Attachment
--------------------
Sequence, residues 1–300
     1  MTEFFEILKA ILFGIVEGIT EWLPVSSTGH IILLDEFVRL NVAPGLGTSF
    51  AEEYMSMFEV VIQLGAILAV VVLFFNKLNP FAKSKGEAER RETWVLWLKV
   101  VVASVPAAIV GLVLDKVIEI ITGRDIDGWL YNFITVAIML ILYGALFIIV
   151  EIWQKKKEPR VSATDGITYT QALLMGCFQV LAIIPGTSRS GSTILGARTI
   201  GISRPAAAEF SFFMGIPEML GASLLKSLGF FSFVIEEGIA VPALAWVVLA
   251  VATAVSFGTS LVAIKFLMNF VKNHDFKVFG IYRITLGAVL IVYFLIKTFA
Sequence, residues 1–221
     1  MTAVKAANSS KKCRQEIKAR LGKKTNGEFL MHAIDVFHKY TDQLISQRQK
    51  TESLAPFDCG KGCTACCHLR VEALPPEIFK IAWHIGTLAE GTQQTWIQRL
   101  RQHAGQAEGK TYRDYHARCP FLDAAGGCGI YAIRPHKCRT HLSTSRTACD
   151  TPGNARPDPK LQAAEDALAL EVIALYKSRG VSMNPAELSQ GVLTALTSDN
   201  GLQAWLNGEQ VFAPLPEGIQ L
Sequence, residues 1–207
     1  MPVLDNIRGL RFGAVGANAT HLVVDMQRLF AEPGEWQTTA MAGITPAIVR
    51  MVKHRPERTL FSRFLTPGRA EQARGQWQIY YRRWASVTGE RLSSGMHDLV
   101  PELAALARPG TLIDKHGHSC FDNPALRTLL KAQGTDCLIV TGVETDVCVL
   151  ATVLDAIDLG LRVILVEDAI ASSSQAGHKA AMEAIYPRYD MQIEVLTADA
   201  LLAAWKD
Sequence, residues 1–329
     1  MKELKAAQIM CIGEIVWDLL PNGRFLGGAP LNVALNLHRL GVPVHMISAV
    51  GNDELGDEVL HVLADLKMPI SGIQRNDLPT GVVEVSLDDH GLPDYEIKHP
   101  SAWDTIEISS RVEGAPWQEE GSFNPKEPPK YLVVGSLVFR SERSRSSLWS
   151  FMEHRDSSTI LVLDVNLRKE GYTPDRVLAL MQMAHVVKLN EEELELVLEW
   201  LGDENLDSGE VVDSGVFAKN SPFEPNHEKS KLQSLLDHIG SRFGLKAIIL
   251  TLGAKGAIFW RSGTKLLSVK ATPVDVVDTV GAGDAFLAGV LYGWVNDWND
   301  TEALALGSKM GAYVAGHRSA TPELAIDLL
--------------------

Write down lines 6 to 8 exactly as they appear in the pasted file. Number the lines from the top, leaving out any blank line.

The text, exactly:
   201  GISRPAAAEF SFFMGIPEML GASLLKSLGF FSFVIEEGIA VPALAWVVLA
   251  VATAVSFGTS LVAIKFLMNF VKNHDFKVFG IYRITLGAVL IVYFLIKTFA
Sequence, residues 1–221